A clinical audit aimed at optimizing pain assessment in resident cancer patients in a Sri Lankan oncology setting: Reflection on the experience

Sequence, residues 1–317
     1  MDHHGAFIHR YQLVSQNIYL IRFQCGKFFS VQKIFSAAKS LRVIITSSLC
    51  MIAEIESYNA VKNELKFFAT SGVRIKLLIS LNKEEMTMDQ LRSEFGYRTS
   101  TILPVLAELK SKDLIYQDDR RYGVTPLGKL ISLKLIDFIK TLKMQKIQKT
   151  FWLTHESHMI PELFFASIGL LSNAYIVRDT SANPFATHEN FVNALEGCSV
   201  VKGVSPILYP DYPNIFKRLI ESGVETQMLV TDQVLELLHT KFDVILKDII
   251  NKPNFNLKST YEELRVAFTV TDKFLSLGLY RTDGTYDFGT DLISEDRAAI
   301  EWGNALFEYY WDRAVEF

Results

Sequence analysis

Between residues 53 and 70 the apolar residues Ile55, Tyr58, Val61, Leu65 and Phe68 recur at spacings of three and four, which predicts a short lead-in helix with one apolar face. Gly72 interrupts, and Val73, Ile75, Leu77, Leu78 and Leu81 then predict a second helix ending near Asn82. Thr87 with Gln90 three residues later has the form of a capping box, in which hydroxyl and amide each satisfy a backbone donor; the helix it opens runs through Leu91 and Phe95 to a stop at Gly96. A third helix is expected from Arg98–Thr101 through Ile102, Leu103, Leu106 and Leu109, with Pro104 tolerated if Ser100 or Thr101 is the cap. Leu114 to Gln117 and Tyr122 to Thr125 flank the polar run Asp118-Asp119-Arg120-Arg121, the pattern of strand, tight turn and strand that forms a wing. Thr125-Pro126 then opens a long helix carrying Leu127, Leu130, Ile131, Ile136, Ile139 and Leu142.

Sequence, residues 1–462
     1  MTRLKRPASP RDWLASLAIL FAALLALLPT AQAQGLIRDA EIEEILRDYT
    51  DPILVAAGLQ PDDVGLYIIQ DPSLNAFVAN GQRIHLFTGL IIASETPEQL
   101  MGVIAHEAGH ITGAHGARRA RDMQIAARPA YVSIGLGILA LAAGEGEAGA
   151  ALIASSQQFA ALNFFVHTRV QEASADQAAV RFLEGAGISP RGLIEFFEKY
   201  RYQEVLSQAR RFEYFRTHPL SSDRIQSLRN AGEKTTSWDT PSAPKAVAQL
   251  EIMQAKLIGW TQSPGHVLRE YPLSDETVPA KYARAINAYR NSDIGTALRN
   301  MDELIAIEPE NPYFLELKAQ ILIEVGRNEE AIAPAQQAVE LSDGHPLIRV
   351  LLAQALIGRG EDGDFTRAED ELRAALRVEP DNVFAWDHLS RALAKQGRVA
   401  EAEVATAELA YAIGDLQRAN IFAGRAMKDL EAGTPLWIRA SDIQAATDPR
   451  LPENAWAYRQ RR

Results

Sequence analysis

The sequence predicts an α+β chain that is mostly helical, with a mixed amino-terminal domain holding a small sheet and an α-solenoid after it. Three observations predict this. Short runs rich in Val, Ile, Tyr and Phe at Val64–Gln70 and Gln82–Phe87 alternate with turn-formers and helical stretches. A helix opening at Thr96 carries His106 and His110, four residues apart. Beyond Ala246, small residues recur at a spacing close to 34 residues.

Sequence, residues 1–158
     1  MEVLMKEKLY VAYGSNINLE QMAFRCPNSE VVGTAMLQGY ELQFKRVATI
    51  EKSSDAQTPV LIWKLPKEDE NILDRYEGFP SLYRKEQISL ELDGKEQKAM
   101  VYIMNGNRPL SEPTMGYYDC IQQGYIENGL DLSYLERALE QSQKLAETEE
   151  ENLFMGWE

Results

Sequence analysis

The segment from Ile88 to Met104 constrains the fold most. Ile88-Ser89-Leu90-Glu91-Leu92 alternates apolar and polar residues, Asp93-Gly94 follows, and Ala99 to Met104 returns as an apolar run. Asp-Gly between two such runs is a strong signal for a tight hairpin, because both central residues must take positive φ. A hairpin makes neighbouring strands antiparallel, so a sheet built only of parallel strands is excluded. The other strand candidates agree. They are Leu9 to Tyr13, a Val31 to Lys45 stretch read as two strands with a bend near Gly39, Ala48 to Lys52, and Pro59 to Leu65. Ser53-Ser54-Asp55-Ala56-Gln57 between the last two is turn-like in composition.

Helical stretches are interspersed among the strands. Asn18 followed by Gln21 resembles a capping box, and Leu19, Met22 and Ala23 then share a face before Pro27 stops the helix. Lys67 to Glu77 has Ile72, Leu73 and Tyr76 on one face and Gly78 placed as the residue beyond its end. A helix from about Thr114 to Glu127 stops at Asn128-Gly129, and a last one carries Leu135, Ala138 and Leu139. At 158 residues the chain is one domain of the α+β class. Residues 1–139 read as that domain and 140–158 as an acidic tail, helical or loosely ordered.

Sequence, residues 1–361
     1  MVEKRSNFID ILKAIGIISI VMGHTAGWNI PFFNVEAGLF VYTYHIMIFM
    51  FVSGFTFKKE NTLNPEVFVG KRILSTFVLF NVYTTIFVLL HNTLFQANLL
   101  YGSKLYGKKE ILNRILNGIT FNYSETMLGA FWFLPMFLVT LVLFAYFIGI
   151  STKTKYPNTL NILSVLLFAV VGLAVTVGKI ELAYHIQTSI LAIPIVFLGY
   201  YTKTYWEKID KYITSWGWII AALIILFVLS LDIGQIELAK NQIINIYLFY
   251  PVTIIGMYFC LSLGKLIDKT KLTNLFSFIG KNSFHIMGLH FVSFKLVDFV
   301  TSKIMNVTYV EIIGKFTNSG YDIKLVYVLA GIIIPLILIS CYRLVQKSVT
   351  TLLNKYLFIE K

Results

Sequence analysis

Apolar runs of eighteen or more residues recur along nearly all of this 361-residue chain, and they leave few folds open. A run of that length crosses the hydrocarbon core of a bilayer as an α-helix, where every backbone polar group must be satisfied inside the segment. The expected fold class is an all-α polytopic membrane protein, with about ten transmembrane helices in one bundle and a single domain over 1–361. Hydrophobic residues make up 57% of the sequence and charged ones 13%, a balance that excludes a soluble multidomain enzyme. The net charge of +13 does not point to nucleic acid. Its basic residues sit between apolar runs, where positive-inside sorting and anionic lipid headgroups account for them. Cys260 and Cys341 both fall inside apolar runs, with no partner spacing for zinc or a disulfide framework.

Being a commonly experienced distressful symptom, ‘pain’ is not sufficiently managed in worldwide cancer patients. One of the principle obstacle identified is an inadequate assessment of pain which in turn leads to its poor management. This is heralded by the lack of medical or nursing professionals qualified in Palliative Medicine/Care to date in Sri Lanka. Hence, the aim of this clinical audit was to optimize the assessment of pain among resident patients of a tertiary care cancer hospital by oncology doctors. A simple “pain and associated symptom chart” was designed for the doctors to document pain experienced by resident cancer patients in terms of intensity, both upon admission and on daily clerking (expected to be documented 100% each, regardless of the presence or absence of pain on a Visual Analog Scale from 0-10). Documentation of the site and character of pain were expected to be 80% each if the pain was present on assessment. Despite conducting three audit cycles with appropriate staff training and clarifications between each cycle, the pain assessment practices could not be improved among the doctors concerned. In the third audit cycle, it was noted that 23.5% of the charts were marked as ‘0’ pain intensity upon admission and have been neglected thereon. It was also noted that some patients were documented elsewhere than the form to experience nor pain neither breathlessness and were still on opioid analgesics which could potentially have led to litigation. Therefore, it is of utmost importance to incorporate clinical audit as a mandatory practice to the clinical oncology settings where it is not practiced. Relevant training has to be delivered to the concerned medical professionals. Appointment of health care practitioners dedicated to palliative care is essential to ensure a better quality of life (QOL) for patients with life-limiting illnesses.